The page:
The frenzy of defense industry mergers can be traced to 1993, when then-Deputy Defense Secretary William Perry invited executives to dinner. At an event now referred to as "the last supper," Perry urged them to combine into a few, larger companies because Pentagon budget cuts would endanger at least half the combat jet firms, missile makers, satellite builders and other contractors represented at the dinner that night.
Perry's warnings helped set off one of the fastest transformations of any modern U.S. industry, as about a dozen leading American military contractors folded into only four. And soon it's likely only three will remain, with Lockheed Martin Corp.'s announcement yesterday that it plans to buy Northrop Grumman Corp. for $11.6 billion.
Bethesda-based Lockheed Martin has long been the pacesetter in the acquisitions boom, having assembled itself from 17 separate defense firms or divisions of companies. Now, with this last purchase of a company that itself grew out of numerous other combinations, outgoing chief executive Norman R. Augustine establishes himself as the most audacious dealmaker in aerospace history.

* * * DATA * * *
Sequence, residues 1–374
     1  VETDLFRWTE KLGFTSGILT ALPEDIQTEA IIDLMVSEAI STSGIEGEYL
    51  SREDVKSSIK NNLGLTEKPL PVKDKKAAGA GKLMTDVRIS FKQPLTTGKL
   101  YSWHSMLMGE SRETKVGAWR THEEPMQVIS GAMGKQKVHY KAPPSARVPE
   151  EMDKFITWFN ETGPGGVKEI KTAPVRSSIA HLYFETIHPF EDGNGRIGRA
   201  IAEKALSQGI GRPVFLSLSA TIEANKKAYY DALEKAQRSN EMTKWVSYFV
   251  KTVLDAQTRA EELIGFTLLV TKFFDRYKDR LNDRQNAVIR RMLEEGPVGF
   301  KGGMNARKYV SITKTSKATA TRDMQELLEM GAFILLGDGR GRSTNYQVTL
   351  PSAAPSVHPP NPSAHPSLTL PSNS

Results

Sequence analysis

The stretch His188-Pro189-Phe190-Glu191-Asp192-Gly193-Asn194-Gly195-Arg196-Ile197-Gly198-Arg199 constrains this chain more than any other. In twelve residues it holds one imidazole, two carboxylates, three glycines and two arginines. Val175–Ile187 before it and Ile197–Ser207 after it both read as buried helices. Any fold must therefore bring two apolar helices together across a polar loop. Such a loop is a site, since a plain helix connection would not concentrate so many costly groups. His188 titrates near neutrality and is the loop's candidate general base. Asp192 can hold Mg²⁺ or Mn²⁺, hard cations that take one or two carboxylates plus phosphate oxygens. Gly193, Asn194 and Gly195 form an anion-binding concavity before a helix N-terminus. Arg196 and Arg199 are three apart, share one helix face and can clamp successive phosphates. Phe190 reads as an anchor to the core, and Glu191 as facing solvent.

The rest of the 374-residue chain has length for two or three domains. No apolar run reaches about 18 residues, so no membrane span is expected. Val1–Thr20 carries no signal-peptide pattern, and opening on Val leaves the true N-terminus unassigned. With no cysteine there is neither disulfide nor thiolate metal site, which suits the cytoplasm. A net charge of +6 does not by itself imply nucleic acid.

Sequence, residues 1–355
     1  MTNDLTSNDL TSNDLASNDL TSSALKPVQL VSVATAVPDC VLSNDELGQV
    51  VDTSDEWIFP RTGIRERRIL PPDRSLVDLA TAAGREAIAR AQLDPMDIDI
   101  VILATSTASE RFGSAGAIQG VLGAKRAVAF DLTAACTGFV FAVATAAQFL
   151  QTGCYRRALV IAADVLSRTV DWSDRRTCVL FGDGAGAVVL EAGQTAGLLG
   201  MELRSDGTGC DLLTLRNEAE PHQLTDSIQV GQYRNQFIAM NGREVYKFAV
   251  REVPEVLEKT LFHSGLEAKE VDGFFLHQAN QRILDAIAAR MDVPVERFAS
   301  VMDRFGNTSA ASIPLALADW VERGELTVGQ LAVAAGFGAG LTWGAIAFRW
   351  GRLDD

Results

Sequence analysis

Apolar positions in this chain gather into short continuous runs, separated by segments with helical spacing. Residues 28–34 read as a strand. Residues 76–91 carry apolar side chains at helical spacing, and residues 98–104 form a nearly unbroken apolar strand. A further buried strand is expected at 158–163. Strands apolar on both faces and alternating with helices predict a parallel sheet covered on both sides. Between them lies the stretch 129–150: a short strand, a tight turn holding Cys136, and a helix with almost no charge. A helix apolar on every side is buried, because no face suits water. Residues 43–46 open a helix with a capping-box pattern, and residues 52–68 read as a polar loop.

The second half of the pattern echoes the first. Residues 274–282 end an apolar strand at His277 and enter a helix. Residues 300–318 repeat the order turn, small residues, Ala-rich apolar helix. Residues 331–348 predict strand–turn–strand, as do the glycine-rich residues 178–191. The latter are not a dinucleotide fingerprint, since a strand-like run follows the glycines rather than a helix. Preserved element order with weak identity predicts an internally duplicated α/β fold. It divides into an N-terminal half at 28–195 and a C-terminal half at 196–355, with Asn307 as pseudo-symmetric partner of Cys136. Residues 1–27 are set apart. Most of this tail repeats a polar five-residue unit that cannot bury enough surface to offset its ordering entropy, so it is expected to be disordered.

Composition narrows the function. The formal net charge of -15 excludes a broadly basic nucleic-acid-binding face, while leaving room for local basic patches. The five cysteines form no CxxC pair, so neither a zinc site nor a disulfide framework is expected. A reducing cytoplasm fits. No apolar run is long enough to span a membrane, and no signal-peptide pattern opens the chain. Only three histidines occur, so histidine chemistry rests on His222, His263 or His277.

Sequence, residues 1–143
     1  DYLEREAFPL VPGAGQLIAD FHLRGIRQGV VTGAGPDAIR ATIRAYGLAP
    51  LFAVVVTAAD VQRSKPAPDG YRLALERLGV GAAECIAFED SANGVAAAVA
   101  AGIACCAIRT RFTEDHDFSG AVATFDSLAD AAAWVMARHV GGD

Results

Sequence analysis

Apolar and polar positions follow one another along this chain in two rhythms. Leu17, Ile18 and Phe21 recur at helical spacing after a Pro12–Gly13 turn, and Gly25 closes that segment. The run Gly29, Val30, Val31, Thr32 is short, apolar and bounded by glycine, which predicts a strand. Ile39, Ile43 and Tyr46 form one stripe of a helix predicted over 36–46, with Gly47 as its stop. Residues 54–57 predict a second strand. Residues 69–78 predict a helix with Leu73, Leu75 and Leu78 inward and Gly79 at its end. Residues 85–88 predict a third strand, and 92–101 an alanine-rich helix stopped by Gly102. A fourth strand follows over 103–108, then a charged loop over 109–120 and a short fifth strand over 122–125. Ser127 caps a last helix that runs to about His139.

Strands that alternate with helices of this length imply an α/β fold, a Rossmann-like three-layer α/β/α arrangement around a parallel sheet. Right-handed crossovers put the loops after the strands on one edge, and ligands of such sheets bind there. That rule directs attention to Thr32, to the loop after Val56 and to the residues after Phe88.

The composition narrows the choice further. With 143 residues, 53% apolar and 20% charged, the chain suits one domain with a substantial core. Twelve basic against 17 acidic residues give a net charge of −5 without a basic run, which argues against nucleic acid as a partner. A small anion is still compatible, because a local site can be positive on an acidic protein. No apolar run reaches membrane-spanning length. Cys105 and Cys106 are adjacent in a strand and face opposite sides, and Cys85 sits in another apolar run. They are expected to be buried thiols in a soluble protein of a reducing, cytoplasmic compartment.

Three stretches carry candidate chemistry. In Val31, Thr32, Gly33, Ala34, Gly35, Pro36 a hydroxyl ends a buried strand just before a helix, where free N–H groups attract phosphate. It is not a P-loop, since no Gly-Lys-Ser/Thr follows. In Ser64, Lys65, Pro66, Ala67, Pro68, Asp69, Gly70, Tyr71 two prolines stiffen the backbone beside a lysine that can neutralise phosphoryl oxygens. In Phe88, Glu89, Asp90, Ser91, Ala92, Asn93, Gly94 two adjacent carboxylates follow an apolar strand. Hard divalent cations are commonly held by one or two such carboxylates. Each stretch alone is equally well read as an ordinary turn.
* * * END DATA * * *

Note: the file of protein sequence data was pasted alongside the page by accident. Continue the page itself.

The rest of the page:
"Norm was probably looking to go out with a bang, and this is his bang," said Stuart McCutchan, a longtime defense industry analyst who has observed the business for nine years as editor of a trade publication called Defense Mergers & Acquisitions. He is scheduled to retire in August.
There's a clear strategy behind the acquisition trend. The military procurement budget has plunged 67 percent since its height in 1985, forcing defense contractors to lay off workers and close plants at a pace perhaps unmatched in modern U.S. corporate history. Both the Pentagon and industry executives believe that larger companies will be more efficient at stretching that limited budget and carrying out the big-ticket projects that characterize defense spending in the late 1990s.